White Apple Leafhopper

White apple leafhopper, Typhlocyba pomaria, was abundant in many apple orchards throughout the state until the introduction of the neonicotinoids about 10 years ago.
White Apple Leafhopper - Articles

Updated: August 8, 2017

White Apple Leafhopper

As opposed to rose and potato leafhoppers, this species' primary host is apple. Its pest status relates to its injury to the leaves, excrement on the fruit, and nuisance to workers. The importance of this pest has been greatly reduced since the introduction of the neonicotinoid insecticides, which are extremely effective on it when used at petal fall for plum curculio control.

Description and life cycle

Adults are white and 1/8 inch long. Leafhopper nymphs are whitish green, smaller, and wingless, and are usually found on the undersides of older leaves. They move quickly sideways as well as forward.

White apple leafhoppers overwinter as eggs in the bark of 1- to 5-year-old wood. Hatch begins at pink and may continue for 3 to 4 weeks during May and June when weather is variable. The nymphs develop over several weeks. Adults then lay eggs in the petiole and veins of leaves. Second-generation eggs begin to hatch during late July and August. The nymphs feed during August and are fully grown by late August or September. Overwintering eggs are laid during September and early October.

Injury

White apple leafhopper adults and nymphs feed on leaves and do not directly attack the fruit, although excrement on the fruit can reduce its quality. Leaves become speckled or mottled with white spots as green tissue is destroyed where leafhoppers suck sap from the leaves. Abundant adults during harvest can be a severe nuisance factor.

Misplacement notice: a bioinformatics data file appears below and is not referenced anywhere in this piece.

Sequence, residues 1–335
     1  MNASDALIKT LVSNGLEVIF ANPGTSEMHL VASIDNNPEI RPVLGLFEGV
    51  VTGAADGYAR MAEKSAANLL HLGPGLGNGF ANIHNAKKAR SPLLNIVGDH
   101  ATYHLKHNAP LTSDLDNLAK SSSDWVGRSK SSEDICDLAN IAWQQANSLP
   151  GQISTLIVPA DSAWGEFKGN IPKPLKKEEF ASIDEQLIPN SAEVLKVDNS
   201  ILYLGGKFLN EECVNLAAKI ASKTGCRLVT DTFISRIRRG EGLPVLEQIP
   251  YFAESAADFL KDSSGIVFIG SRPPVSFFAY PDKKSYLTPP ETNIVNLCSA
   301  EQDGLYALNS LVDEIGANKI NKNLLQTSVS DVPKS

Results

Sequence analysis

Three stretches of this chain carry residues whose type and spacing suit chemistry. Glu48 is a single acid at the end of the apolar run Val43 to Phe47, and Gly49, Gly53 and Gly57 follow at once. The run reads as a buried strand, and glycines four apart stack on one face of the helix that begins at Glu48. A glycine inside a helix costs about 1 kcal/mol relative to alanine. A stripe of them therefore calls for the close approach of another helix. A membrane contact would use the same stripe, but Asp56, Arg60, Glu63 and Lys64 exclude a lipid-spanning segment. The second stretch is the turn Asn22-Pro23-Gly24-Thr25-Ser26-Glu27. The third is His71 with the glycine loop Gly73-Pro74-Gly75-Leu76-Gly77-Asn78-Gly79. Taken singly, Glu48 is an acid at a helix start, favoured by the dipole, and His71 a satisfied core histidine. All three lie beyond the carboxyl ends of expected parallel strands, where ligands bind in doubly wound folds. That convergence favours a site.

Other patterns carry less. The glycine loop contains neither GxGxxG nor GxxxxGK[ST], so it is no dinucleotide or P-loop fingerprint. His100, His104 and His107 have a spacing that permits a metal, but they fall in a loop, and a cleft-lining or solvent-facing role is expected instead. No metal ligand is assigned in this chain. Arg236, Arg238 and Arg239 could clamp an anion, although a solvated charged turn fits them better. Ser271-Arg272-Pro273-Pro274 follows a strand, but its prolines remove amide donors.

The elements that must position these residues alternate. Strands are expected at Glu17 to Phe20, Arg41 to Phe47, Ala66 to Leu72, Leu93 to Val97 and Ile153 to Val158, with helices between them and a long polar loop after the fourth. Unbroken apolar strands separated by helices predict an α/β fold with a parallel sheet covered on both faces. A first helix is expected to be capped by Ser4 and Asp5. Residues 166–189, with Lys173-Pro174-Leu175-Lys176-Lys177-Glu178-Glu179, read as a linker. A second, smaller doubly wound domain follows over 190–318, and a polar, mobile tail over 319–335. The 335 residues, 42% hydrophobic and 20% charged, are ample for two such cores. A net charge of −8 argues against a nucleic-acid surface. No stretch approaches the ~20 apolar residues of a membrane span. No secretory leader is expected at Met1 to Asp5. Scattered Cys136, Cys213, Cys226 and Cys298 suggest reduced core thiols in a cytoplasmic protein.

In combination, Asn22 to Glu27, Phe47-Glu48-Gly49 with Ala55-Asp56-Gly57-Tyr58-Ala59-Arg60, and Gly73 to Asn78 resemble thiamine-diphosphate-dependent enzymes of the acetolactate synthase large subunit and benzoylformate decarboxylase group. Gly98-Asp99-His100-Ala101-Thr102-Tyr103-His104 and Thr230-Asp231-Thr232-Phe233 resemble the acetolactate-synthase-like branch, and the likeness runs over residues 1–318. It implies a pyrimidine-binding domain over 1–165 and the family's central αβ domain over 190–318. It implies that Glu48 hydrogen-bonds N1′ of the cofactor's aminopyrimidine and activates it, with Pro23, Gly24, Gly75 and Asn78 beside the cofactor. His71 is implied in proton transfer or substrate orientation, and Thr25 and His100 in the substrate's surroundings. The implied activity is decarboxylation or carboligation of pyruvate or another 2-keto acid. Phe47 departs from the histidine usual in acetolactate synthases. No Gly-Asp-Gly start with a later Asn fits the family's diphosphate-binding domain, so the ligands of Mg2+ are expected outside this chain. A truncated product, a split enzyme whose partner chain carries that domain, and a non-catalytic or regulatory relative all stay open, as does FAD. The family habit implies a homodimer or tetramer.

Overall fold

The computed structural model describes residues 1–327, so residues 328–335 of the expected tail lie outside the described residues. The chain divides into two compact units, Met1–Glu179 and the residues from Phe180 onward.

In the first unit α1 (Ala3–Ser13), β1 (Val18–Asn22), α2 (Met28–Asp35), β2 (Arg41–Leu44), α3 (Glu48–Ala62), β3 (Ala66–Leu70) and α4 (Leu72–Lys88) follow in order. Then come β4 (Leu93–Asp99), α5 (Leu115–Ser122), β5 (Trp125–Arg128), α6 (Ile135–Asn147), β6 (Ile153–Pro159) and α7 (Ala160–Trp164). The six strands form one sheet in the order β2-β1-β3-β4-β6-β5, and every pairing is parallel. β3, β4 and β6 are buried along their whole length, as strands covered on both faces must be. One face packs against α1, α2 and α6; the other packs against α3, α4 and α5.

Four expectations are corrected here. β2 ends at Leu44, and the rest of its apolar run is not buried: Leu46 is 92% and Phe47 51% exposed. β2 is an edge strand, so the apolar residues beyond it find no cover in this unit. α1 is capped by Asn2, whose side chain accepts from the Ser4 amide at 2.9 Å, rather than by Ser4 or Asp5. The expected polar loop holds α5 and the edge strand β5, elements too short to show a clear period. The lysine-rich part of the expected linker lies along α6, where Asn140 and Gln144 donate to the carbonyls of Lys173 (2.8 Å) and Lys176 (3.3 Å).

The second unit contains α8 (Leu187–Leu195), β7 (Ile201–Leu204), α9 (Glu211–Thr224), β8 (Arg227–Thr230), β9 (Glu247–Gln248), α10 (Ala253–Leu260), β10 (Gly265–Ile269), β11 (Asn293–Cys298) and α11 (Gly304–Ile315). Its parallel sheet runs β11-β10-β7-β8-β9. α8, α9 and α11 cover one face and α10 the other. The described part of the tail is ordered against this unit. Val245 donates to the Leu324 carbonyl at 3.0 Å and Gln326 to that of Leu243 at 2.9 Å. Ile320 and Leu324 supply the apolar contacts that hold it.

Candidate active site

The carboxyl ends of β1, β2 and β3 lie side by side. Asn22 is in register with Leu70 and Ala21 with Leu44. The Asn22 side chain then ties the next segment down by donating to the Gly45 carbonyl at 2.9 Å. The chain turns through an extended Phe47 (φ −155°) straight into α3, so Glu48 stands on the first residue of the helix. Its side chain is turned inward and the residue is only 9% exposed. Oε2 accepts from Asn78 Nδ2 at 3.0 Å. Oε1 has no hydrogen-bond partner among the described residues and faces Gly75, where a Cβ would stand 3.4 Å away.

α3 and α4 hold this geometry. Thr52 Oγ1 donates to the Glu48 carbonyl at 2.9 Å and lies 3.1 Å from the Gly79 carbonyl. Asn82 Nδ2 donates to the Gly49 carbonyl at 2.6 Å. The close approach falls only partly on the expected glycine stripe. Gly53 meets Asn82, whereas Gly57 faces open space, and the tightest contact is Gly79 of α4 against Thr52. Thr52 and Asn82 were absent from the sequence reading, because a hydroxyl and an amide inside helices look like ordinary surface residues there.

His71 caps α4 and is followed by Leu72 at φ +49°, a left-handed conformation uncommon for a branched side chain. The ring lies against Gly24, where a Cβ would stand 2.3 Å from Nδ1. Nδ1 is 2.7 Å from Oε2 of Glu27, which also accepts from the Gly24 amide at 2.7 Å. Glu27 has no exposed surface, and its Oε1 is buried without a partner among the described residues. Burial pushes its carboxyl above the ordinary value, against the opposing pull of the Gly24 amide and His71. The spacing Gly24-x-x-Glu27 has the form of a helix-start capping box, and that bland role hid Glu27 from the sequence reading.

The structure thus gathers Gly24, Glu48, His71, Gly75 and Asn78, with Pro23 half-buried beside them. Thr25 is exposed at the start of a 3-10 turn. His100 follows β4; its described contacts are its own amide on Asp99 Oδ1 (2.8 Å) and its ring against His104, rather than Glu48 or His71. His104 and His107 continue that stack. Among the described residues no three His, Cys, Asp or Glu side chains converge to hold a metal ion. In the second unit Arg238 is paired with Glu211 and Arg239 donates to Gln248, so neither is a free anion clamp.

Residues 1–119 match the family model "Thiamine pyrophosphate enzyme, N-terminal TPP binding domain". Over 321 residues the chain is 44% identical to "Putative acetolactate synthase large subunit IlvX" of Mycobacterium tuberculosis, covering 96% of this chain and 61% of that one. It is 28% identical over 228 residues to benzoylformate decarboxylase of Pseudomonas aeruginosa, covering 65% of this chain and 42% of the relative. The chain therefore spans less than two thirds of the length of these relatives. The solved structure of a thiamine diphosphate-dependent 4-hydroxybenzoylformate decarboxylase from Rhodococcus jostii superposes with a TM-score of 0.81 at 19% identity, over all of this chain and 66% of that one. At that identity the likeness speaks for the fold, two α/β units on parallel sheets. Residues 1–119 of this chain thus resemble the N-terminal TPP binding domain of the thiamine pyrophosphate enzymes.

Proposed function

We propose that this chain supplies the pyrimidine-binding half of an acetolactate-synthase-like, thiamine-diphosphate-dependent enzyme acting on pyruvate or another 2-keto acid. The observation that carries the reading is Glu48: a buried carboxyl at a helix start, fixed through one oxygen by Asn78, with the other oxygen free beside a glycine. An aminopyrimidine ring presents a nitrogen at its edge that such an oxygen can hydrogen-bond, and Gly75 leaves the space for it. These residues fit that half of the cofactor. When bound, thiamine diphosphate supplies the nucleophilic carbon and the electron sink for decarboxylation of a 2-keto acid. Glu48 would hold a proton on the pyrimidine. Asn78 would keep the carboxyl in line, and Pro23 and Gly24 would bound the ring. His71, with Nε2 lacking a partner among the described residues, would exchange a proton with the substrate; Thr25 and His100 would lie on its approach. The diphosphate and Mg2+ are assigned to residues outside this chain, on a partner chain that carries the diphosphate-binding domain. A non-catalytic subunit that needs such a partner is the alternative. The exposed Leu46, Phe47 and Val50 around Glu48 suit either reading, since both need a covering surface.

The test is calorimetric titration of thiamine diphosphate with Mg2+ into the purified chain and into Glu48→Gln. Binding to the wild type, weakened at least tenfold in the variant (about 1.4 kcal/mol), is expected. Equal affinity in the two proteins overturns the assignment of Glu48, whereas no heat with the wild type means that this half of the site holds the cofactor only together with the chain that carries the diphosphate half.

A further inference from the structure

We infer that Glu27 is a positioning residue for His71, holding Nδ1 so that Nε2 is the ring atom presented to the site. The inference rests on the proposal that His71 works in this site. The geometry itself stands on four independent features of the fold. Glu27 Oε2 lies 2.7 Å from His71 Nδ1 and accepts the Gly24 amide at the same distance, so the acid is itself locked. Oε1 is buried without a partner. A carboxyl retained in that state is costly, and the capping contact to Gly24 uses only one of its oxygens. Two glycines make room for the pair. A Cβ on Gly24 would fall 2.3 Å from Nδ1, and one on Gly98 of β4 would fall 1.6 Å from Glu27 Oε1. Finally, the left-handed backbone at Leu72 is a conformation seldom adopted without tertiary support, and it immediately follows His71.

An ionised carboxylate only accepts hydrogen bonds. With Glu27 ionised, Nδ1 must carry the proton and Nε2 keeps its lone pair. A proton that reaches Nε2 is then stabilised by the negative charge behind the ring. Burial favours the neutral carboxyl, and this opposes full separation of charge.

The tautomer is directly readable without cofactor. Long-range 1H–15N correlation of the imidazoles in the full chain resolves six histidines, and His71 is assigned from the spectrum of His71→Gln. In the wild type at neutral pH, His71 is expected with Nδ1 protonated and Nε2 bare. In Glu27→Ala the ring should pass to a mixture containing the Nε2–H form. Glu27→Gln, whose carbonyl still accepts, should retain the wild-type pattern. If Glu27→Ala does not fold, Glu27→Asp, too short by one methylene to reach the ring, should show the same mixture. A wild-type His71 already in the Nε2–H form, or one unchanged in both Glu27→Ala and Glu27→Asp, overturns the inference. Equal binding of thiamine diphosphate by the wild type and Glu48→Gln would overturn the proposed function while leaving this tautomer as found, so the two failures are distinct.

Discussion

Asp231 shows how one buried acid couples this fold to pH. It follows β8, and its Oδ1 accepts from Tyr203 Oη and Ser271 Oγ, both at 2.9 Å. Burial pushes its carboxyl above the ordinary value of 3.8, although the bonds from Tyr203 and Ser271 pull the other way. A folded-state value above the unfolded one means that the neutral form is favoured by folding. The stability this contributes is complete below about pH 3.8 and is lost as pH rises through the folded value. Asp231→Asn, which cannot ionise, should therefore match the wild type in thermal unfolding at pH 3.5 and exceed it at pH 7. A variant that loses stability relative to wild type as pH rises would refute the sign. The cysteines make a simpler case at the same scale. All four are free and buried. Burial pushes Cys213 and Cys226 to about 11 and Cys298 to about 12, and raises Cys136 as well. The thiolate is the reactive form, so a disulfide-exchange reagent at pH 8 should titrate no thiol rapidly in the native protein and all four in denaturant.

Monitoring

One leafhopper per leaf during first-brood activity (petal fall to second cover) is justification for applying an insecticide. Populations of two or more leafhoppers per leaf during second-brood activity in August and September should be treated. Examine five trees per block, 20 leaves per tree, and check the undersides of leaves for nymphs.

Chemical management

Young leafhoppers are much easier to control than adults. Effective control of the first generation may directly reduce high populations of the second. The first generation is a better target since the hatch is fairly synchronous, and leafhoppers of the age vulnerable to insecticides are present at one time. Also, insecticides may be used at lower rates since less foliage is present during the first generation. Thorough coverage of upper and lower leaf surfaces is necessary and considered essential for effective control. Specific chemical recommendations for home gardeners are in Fruit Production for the Home Gardener, and recommendations for commercial growers are in the Penn State Tree Fruit Production Guide.

Instructors

Insect plant interactions Integrated pest management Biological control Tree fruit insect pests Insects rearing Laboratory and field bioassays Invasive insect pests Pesticide resistance

More by Grzegorz (Greg) Krawczyk, Ph.D.